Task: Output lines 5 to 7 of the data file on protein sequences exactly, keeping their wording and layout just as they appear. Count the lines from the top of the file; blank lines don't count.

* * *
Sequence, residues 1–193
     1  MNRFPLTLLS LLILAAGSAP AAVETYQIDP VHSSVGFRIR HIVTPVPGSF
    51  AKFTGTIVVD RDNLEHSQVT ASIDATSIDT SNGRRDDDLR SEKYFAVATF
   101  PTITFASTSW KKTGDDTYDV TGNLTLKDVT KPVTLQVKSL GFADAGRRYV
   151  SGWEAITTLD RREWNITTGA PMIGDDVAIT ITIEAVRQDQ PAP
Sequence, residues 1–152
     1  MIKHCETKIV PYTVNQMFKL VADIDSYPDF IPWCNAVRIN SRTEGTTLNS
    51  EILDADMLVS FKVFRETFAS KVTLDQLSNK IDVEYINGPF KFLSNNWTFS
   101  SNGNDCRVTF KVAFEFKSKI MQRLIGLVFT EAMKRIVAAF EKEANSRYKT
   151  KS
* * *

   151  SGWEAITTLD RREWNITTGA PMIGDDVAIT ITIEAVRQDQ PAP
Sequence, residues 1–152
     1  MIKHCETKIV PYTVNQMFKL VADIDSYPDF IPWCNAVRIN SRTEGTTLNS